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The Fix is In

By Bronx Journal Staff

Bronx residents responded with a range of emotion to the indictment of 17 police officers accused in a ticket fixing scandal. Some felt it was symbolic of larger problems of corruption and abuse of power, while others thought fixing a ticket or two was simply a perk of the job.

“These officers already treat us like caged animals,” said Derick Fisher, 23, a junior in business administration from Fordham. “I was stopped and ticketed for smoking a cigarette outside of my building and switching cars at a subway station (without actually walking in between them). I fear that these stops and tickets will continue after the trial.”

Amaru Smith, 23, a senior with a double major in psychology and finance, agreed that ticket fixing represented an “abuse of power,” and she had another concern – that the indictments would result in an increase in ticketing.

“A subsequent rise in tickets following this trial would be horrible for students and others without a source of income,” said Smith. “We’re getting worse treatment than the Wall Street protesters from this weekend.”

The scandal does not bode well for the future, said Kevlar Rollack, 23, a psychology major from Bedford Park. “The government is on the brink of a possible shutdown,” said Rollack. “This, coupled with the ticket fixing scandal, would mean a cloudy future for those in low-income communities. When it comes to the cops, I summarize the problem involving police with a quote from A. Philip Randolph.”

At the banquet table of life, there are no reserved seats. You get what you can take and you keep what you can hold. If you can’t take anything, you won’t get anything. If you can’t hold anything, you won’t keep anything. You can’t take anything without organization.

Rachel McNear, 29, a speech pathology major at Lehman, said she was falsely ticketed over the summer and had to take a day off work to prove her innocence.

“I was stopped for supposedly talking on my cell phone while driving,” said McNear. When she got to court, said McNear, she showed the judge her cell phone bill that indicated no phone call at the time she was pulled over. “The judge starred at the bill for like five minutes. I could tell that he didn’t want to drop the charge, but he had no choice.”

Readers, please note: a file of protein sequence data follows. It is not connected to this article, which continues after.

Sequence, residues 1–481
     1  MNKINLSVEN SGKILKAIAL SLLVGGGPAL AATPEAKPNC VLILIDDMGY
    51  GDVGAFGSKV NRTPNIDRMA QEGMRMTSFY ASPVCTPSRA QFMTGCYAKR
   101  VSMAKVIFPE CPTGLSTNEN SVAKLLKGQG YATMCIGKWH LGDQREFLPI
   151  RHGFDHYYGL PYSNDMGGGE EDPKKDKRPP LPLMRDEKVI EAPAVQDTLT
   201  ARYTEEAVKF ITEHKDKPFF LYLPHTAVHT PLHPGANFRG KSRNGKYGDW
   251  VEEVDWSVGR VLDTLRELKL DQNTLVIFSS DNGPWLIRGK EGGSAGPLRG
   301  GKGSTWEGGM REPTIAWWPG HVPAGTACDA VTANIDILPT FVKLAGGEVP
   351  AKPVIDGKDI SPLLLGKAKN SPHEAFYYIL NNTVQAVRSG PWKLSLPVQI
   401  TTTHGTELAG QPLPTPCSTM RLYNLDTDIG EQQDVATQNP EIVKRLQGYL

“I’m not surprised that this happened,” said Jessika Valdez, 28, a sociology major. However, Valdez said she wouldn’t mind getting a ticket fixed. “I don’t think it is fair, but people are going to take it because it’s a hook up. “

Several others agreed that few people would turn down a fixing and some suggested it was a side benefit of working on the force. “I don’t think there’s anything wrong with it,” said Eric, 20. “It’s the same as someone who works somewhere and they give discounts to their family members. I know I would like a discount.”

Erica Roche echoed the sentiment. “I honestly think that cops should be allowed to fix tickets and they should get some sort of free pass, maybe one.”

Everything has to do with who you know said Phineas Ascuy, 41. “It doesn’t surprise me that one can take care of a ticket with a family member that’s a cop.”

Others were less blasé, particularly about the wiretap recordings that included offensive language. Dariana Tolentino, 22, a junior in nursing thought they showed a bias against low-income communities.

“It’s unethical,” said Tolentino. “They should treat everyone equally, no matter what demographic dominates each of the city precincts. I think suspension should be the proper punishment for those involved in the wire talks.”

James Brown, a theatre major at Lehman, said he was disappointed. “It’s sad,” said Brown. “The Bronx has a lot of black and Hispanic officers, so you would think there would be less police harassment. But there is no difference. They have chips on their shoulders.”

Kenia Torres, 22, a human resource assistant manager said tickets serve as an important deterrent. “We have cases which can lead to crashes and worse scenarios such as death because of texting and drinking while driving. Having people pay a certain amount of money out of their pockets will make them think twice about their actions.”

Denise Then, 21, said she doubted the indictment would lead to any significant change. “The system is corrupted. Cops just get away with it all the time because it is way to expensive for the city to actually charge them. They will just hype the media for a few months and then just completely forget about it, and continue being cops.”

Alex Karagianais, 20, said ticket fixing was probably in his future. “I’m trying to be a cop,” he said. “It’s not right. It’s immoral. But I feel that it depends on what the offense is. If it is something minor, why not fix the tickets?”

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